less. There is help. Lives can improve. The
time is now.
NEED THE AUTISM TEAM-CHANGING LIVES ON U.S. TV
asked Polly Tommey why viewing the video is so important. Here is her response:
one child to help a million others. Open the world of autism up to those who
don’t know. The TV networks in the U.S. need
numbers and we have to prove that autism is an issue that people are interested
in so they’ll be willing to broadcast this series.”
watch the trailer, Changing Lives , and send the link to everyone you know. Ask
them to watch and share this video. –The number of hits on this video matters.
By doing this, you will be helping a
great many families that urgently need support.”
more details on Jonathan Edwards, I went to Allison, his mother. This is her son’s story.
Jon was diagnosed with autism on his second
birthday, corroborated 3 months later following a full assessment and I was left, from then on to search out and fight for the services he
State provision at the age of two barely changed as he grew but mainly centred
his learning difficulties and how to get Jon to respond.
He needed his diapers changed up to eight times a day, occasionally whilst
with the rest of the family's needs, to my horror he managed to eat his pads and contents. I had to battle the great bureaucratic machine's providers, the passionate seeking compassion for Jon,
it was ridiculous, as if no-one cared. I became quite a campaignerdespite being accused of being 'lazy', to get him out of pads, his autism was blamed for most things, I was blamed for the rest... (Read the rest of the story HERE.)
asked Polly Tommey, shown on the video, about
how the Autism Team got started. This is her answer.,
Fourteen years ago we agreed, as a family, to
talk about our son Billy, who atthe time had a recent diagnosis of severe
autism with severe speech delay andbehavioral issues, on a well known news
programme. For us as his parents, there was little help
or knowledge about hiscondition so we felt we had nothing to lose. Billy
was totally lost in hisown world, the boy we once knew had gone.
Billy was sick. He suffered fromdiarrhoea, his hair was falling out, he had
frequent bouts of projectilevomiting, a big bloated tummy, he thrashed
his head against the floor andwalls 24/7 and had no idea we were his
parents - the list goes on. We wereat our wits end and desperate.
It was after the programme aired that I
realised the sheer extent of theproblem and actually how many of us parents
were out there. We were inundated with emails and letters from
desperate parents with very sickchildren.
Soon after Billy’s diagnosis and knowing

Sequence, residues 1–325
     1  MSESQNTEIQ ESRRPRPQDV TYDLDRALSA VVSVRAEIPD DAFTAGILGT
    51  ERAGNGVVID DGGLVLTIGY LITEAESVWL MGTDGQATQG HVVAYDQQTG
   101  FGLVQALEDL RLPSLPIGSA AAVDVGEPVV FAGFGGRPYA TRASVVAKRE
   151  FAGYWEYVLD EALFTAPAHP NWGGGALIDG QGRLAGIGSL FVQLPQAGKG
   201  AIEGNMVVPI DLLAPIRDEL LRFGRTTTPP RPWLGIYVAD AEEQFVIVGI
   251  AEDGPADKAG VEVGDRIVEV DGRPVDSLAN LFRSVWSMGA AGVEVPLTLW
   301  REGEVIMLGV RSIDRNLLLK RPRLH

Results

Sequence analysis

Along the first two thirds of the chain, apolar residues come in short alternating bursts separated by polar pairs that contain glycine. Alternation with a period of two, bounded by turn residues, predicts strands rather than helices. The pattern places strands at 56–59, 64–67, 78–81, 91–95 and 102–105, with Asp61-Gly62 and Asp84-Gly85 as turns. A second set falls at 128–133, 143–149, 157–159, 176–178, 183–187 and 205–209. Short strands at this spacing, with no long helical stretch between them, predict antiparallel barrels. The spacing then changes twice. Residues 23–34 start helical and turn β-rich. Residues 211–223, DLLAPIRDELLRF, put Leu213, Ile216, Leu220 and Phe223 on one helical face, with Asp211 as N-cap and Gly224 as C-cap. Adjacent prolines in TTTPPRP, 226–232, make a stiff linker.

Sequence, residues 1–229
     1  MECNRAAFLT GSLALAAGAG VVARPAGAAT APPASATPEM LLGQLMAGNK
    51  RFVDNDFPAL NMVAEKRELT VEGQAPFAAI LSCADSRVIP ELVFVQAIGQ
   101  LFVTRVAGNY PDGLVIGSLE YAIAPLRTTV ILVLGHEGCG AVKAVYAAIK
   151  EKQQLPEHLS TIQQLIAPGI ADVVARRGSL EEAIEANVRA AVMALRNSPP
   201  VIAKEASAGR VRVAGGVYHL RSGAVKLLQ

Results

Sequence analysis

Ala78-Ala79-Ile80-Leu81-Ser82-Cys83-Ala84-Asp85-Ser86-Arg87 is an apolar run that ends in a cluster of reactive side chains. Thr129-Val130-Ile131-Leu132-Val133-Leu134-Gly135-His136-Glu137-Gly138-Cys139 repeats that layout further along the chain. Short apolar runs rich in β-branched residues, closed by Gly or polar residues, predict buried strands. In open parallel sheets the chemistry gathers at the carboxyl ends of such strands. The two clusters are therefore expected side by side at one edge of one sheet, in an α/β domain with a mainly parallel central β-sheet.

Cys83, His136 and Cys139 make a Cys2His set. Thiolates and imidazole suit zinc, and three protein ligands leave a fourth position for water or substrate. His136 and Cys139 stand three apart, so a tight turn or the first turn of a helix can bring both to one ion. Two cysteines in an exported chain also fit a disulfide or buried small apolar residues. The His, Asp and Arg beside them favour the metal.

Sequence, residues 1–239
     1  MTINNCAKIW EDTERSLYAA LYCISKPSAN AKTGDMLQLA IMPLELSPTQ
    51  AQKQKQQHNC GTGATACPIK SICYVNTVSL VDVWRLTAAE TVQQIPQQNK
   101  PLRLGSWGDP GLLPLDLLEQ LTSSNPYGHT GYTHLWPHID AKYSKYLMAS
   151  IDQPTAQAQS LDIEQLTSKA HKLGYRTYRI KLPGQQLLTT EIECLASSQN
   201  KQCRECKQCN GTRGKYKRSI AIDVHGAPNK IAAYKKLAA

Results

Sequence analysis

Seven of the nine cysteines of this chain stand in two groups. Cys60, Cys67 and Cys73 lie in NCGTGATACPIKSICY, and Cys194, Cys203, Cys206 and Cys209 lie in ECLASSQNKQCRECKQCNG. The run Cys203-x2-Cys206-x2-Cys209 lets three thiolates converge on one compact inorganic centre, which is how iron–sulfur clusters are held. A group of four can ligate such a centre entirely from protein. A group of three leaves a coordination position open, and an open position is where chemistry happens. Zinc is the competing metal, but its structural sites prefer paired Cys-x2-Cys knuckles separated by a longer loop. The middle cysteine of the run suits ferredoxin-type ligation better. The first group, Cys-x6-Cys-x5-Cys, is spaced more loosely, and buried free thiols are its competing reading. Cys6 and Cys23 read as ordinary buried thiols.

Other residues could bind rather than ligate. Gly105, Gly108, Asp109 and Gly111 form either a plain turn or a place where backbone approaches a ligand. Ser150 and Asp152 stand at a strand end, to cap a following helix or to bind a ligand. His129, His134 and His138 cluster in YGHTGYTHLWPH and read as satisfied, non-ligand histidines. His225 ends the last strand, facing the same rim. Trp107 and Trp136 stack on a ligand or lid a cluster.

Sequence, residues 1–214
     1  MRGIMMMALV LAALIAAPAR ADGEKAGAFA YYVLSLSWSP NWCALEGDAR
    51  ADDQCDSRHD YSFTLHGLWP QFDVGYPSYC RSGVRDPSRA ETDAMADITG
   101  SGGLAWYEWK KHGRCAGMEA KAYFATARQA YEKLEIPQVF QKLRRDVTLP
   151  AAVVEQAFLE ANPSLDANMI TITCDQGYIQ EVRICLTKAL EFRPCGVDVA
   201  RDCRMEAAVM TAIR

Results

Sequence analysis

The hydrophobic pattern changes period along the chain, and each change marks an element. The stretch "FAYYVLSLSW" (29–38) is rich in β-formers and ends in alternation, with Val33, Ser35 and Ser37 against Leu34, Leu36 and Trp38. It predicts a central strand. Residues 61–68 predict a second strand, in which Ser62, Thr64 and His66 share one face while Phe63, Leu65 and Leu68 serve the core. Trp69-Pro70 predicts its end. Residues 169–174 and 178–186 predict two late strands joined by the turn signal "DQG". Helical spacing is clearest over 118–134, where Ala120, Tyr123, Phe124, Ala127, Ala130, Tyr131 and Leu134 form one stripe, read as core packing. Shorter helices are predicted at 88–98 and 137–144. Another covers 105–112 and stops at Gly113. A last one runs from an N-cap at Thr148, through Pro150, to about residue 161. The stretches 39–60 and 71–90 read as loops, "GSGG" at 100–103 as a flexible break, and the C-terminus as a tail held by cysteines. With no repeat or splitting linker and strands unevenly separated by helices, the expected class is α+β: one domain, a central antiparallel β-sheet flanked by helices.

nothing about autism or how tohelp,our son, Jon (my husband) threw himself
into research and booked animmediate flight to the USA for
a Defeat Autism Now (DAN)conference. I pur all the letters I had received into a then,
simple newsletter and called
it, The Autism File and hoped for the best -
that somehow between us all we
could work out how to help our children.
The Autism File is now out of my garden shed
and properly managed by
Belvoir Publications and I continue to be the
Editor In Chief. It's run by a
fabulous team and still strives to educate
and support families around the
With the success of the magazine came
campaigns, television and press
around autism and associated disorders. With
every press interview I did, every
meeting at Downing
Street, every issue of Autism File, there came the same
ongoing problem - I was getting inundated
with phone calls and emails from
broken parents simply unable to get help from
their doctors or school
I was being told about teenagers in prison,
sick they couldn't eat or swallow,
bowel issues beyond belief, drugs for
conditions the children didn't even have,
parents that had taken their
lives and that of their children, again, the
list is endless.
We were told Billy would never speak or
live with much purpose but I knew
from all the work my husband (who re
trained as a Clinical Nutritionist)
and many DAN doctors at the time put into
Billy that so much can be done to
improve the quality of life for people
with autism. This is when we formed
The Autism Team and decided to get
video footage of children and teenagers
before and after help was given to
them. The results so far have been
outstanding. In just 3 months, we
have turned the lives around for 4
families. They now still live with
autism but with children and teenagers
that laugh, engage, are toilet trained
and for some there is speech. It's
not rocket science, it's not hocus
pocus, it's just getting the right
experts who understand autism and are
experienced qualified professionals.
We aim to help many more families and
get our footage onto a network, then
we can help many more. This is not my work.
This is team work--we work as
a major team to pull together the right input
for each family.
I am fortunate to now have a strapping
healthy, 16 year old son who now talks, texts and
yes, has a massive purpose in life.
The Autism Team are coming to help.
What is truly wonderful about The Autism Team is the fact that THEY
KNOW WHAT PARENTS NEED. THEY’VE BEEN THERE THEMSELVES.
They have answers. The public needs to see this. The
message is clear—we can help children with autism. Their lives can be
better. It’s time to stop the suffering.